Cutworms, also the caterpillar stages of certain moths, grow to a length of 1 ½ to 2 inches. The caterpillars are mottled, dull brown, gray, or nearly black and usually appear plump and greasy. If disturbed, the caterpillar usually curls into a C-shaped ball. The front wings of the moth are dark brown to gray, are mottled or streaked, and have a wingspan of 1 ½ to 2 inches. Cutworms also occur throughout the state.
Life Cycle and Biology
Eggs are laid on grass and weed stems or behind the leaf sheath of such plants. Caterpillars usually remain below the ground surface, under clods, or other shelters during the day; they feed at night. Cutworms pupate in the soil. Three to as many as seven generations occur each year. Cutworms can be active all year.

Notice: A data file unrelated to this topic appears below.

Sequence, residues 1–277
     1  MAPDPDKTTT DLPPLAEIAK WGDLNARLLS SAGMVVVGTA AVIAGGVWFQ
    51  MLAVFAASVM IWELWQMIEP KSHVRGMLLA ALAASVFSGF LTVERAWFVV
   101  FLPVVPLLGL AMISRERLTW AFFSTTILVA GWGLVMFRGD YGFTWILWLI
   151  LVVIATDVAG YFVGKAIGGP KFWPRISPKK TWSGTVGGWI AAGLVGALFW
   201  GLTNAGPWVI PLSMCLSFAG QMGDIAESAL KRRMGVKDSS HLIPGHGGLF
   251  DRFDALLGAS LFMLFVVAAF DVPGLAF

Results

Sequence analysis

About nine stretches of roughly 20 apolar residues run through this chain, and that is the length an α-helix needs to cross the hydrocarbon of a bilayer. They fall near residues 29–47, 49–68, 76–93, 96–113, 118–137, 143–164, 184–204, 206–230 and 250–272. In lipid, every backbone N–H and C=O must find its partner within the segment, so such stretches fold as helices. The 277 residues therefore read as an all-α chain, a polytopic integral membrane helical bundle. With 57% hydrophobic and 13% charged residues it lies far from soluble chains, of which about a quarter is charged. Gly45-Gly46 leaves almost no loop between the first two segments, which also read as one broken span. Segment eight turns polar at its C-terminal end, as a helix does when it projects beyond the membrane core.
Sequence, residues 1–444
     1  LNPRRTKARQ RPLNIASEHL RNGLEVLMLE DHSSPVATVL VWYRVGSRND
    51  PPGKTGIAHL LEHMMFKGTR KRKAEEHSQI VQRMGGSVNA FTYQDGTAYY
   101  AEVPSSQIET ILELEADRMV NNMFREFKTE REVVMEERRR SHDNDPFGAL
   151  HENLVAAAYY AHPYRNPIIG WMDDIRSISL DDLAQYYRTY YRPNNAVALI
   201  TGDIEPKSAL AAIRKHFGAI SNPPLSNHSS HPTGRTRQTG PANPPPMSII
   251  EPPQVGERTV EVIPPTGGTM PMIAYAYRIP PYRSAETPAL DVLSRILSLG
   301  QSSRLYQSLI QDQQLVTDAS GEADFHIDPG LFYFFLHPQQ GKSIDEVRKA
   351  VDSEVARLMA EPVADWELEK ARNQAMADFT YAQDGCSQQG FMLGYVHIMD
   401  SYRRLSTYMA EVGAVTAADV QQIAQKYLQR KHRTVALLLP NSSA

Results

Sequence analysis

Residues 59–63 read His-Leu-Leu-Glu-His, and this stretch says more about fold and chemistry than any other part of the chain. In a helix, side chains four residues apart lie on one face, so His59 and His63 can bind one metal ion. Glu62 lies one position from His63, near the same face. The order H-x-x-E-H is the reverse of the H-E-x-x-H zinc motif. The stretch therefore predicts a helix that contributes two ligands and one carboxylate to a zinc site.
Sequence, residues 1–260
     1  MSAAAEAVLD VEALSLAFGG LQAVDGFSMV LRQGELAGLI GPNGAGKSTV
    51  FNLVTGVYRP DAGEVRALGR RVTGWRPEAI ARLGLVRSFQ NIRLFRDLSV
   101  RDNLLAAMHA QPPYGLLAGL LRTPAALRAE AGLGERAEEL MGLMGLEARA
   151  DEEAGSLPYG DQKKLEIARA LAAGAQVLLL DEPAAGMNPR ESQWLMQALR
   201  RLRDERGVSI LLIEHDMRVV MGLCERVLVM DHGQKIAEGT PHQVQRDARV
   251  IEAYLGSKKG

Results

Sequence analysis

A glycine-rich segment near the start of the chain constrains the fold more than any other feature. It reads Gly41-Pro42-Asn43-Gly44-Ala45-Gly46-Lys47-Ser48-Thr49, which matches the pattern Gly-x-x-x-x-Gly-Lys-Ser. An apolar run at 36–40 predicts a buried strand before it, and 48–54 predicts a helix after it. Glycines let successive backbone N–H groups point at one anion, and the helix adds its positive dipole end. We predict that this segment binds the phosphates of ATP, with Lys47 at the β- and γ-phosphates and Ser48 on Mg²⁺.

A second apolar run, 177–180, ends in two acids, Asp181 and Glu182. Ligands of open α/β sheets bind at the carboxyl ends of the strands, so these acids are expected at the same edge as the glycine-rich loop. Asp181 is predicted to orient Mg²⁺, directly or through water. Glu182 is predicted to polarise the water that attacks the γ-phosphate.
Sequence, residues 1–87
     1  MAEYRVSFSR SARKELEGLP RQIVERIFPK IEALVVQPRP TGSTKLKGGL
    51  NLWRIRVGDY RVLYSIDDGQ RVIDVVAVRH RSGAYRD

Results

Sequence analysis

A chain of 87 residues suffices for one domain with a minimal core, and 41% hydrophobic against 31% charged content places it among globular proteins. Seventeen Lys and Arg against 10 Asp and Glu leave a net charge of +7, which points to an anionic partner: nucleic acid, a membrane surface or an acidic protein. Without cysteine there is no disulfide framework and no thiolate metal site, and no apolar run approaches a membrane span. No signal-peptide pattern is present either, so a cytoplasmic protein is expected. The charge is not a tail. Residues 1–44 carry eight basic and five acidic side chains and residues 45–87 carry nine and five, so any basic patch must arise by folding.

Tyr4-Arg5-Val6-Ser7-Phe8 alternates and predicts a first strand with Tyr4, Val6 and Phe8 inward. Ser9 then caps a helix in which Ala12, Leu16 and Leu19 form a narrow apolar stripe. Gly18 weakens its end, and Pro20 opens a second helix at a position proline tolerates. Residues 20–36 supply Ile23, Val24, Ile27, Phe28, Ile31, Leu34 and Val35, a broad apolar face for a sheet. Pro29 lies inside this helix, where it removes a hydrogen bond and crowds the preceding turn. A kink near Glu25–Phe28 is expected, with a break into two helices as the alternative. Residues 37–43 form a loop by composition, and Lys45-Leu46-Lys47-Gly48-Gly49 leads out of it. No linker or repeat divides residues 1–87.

Foliage or stems may be cut off (hence the name cutworm) by the caterpillars. Cicular spots of dead grass or sunken spots are indicative of cutworm infestation.
The irrigation technique described below for sod webworm also is effective for determining cutworm population levels. Insecticide treatment should be made when this technique flushes three to eight larvae per square yard. Due to their nocturnal behavior, it is best to time control measures for early evening when caterpillars are feeding. Do not irrigate turf after treatment is applied for control of caterpillars. For these pests, you want the material to remain at the surface rather than have it move down into the soil.